March 29, 2013

How to Implement the YouTube 'One Page'? Redesign

Released in beta in February, YouTube has formally rolled out its new One Channel redesign for all users. The redesign features a number of changes intended to optimize the YouTube experience across platforms/devices while providing creators with more opportunities to engage ' and grow ' their audience via exposure to more relevant content. Per YouTube's Partners and Creators Blog, there are three core changes that you should be aware of which will help you get the most out of your new One Page channel design:

Design Channel Art to visually identify your brand

YouTube's Channel Art (akin to Facebook's Cover Photo) replaces the former ability to customize a background image. While some creative control is lost with this change, Channel Art allows for visual consistency across desktop, tablet, mobile, and TV displays. Additionally, social links that are added in the 'About'? section will be automatically overlaid as social buttons on top of your selected Channel Art banner.

The new Channel Art feature ensures that your visual identity will automatically scale to any size screen (see pages 3 and 4 for dimensions), and that your social links will display on any device with a browser. Get creative with your Channel Art and show off your brand's personality!

Create a Channel Trailer to encourage visitors to subscribe to your channel

The redesign provides additional utility for brands by allowing the ability to serve distinct Featured Video content based on whether or not the viewer is subscribed to your channel. The subscribed view is personalized for each user based on their unique viewing history while the unsubscribed view provides an opportunity to showcase a 'Channel Trailer.'?

For subscribed users, this content is served as a 'What to Watch Next'? recommendation with the default setting serving videos that a user has not yet viewed. For unsubscribed viewers, the Channel Trailer serves as an introduction to your channel. Google recommends keeping the content short ' think of it as an elevator pitch for your channel ' and having explicit calls-to-action to motivate viewers to subscribe.

Create custom Shelves to control how your videos and playlists are displayed

The 'One Page'? redesign also allows brands the ability to customize how content is organized and displayed on your channel. Based on your content themes and insights into how your audience consumes your content, you can now choose from multiple layouts to best organize and highlight your content into customized shelves.

Shelves can feature collections of grouped videos or highlight favorite playlists ranging across owned and/or curated content. In-shelf navigation allows users to explore more of your content without leaving your channel homepage.

Sample One Page Layout: Laura in the Kitchen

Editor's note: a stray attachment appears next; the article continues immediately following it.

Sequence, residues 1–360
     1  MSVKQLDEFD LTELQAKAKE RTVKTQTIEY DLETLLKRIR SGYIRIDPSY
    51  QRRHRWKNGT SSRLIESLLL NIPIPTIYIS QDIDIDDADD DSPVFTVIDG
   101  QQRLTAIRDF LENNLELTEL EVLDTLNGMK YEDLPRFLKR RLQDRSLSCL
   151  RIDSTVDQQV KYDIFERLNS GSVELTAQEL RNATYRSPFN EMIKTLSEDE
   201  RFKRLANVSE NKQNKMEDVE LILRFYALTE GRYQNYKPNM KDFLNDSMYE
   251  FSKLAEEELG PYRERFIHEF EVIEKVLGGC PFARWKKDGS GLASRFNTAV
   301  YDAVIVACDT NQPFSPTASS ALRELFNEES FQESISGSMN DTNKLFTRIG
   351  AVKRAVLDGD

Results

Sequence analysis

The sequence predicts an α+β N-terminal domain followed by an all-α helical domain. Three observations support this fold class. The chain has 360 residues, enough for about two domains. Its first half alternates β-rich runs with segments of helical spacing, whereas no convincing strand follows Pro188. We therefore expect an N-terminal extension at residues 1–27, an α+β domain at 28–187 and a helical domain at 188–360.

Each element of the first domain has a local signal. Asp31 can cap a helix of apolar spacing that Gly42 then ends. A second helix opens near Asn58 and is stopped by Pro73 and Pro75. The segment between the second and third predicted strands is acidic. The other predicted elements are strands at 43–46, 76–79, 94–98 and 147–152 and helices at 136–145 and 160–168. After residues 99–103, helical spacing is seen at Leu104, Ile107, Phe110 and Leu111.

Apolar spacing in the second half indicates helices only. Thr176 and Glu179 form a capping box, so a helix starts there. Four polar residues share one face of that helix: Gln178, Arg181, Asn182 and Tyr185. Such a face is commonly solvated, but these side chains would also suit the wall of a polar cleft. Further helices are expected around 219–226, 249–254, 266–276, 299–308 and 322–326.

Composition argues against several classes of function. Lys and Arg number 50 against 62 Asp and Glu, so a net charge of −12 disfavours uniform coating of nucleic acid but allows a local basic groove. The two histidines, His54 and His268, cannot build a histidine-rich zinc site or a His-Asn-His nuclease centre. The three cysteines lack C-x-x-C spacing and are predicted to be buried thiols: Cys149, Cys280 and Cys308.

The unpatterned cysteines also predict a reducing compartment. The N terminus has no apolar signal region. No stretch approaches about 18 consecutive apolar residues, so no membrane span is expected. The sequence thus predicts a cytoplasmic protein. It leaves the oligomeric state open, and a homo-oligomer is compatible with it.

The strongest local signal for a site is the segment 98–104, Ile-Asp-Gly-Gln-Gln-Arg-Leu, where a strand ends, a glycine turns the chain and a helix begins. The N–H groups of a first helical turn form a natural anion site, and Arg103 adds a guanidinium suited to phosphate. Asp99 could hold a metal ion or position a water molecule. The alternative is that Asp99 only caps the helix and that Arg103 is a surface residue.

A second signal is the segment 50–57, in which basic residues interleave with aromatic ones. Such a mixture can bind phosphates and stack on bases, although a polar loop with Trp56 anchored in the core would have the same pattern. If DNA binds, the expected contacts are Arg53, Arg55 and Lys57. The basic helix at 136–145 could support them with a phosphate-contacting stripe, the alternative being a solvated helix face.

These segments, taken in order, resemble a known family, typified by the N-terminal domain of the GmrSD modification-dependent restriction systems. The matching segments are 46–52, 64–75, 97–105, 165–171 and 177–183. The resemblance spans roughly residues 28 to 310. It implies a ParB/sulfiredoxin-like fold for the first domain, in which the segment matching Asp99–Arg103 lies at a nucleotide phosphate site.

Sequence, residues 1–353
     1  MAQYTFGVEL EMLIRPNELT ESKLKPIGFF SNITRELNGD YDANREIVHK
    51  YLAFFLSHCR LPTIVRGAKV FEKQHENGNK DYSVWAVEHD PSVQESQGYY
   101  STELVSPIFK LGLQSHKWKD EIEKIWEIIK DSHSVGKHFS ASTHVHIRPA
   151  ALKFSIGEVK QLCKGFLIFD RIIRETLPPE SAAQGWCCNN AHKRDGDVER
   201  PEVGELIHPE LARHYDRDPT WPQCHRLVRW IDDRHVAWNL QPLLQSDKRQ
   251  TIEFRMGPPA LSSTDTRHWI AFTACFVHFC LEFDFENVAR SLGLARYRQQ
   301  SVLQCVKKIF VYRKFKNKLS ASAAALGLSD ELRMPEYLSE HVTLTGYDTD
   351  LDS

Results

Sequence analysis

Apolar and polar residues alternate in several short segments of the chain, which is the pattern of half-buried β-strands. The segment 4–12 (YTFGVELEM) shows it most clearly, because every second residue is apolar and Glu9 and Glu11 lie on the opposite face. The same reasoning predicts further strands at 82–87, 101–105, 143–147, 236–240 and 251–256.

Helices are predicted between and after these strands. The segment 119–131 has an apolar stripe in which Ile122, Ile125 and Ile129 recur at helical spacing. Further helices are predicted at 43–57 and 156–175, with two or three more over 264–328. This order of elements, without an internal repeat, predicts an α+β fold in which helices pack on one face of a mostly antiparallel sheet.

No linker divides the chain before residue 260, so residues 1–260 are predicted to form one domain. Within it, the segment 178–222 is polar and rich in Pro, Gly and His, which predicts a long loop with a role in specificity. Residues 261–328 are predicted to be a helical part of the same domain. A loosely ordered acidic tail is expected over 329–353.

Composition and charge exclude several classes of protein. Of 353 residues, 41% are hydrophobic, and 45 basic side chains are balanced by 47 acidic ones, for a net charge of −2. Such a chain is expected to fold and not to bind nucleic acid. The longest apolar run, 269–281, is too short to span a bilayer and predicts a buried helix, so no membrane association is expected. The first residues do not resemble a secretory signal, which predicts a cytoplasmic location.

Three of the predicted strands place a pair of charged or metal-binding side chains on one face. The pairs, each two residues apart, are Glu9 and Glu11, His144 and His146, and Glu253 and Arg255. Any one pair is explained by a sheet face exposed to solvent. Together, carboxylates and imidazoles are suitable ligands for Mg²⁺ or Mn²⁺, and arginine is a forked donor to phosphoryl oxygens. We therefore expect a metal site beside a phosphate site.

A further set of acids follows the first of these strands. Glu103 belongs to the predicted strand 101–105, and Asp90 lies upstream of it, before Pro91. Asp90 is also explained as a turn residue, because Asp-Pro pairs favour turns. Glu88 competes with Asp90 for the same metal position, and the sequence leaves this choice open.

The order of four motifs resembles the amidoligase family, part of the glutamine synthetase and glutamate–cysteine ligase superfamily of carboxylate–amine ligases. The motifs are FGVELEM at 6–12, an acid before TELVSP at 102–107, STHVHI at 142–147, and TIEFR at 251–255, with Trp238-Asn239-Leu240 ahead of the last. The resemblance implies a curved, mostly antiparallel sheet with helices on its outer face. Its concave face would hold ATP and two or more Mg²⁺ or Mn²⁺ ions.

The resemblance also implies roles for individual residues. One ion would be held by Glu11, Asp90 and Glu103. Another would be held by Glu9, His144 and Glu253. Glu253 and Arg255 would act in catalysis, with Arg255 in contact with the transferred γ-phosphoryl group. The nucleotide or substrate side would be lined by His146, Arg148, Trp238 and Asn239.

YouTube New Page

 

For samples of the One Page design, visit the following channels:

Channel Art Display Dimensions:
Channel Art Display Dimensions

How it works for Desktop:

  • Total Size: 2120 X 350 px
  • Safe Area (Always visible): 1280 X 350 px Centered on the image
  • Flexible Area (maybe visible): 420 px to the left and 420 px to the right of the safe areaYouTube Desktop

 

How it works on Mobile

On mobile, YouTube will be using the safe area (red box in diagram above) scaled down to the width of the mobile screen (which varies by device).

 

How it works on Tablets

On tablets YouTube will be using a slightly wider slice which is indicated by the pink box above. The aspect ratio of this slice is 1536 px by 350 px.

Tablet YouTube Page

 

 

March 13, 2013

Generations and Demographics: We're all the Same. We're all Different.

Two of the panels I enjoyed the most at SXSWi - The Twenty Something Time Machine and Death by Demographics: Killing off your Ad Budget - shared a similar focus (technology's role in changing the way we define consumer targets). However, the sessions had very different takeaways:

  1. We're all the same.
  2. We're all different.

Full disclosure: those takeaways greatly over-simplify very complex marketplace shifts. But, the takeaways highlight that global access to the web, a sharp increase  in ownership/use of connected devices, greater access to robust behavioral data, the rise of sophisticated digital targeting capabilities and the rise of socially-connected, empowered consumers have simultaneously produced the most assimilated generation in history while presenting the opportunity/need for the most individualized advertising targeting ever.

We're All The Same. (Well, at least affluent Gen Y'ers.)

Speaking about Generation Y (aka Millennials), Jason Dorsey of The Center For Generational Kinetics and Lisa Pearson of Bazaarvoice asserted that technology has created the most globally similar generation of all time. Core to this is the access to shared culture that technology, connectivity and social media have facilitated. While interpretation/application of this shared culture may differ by region (prime example: the politics of the Harlem Shake in Tunisia), generational truths have homogenized across distinct geographies and cultures especially among the affluent.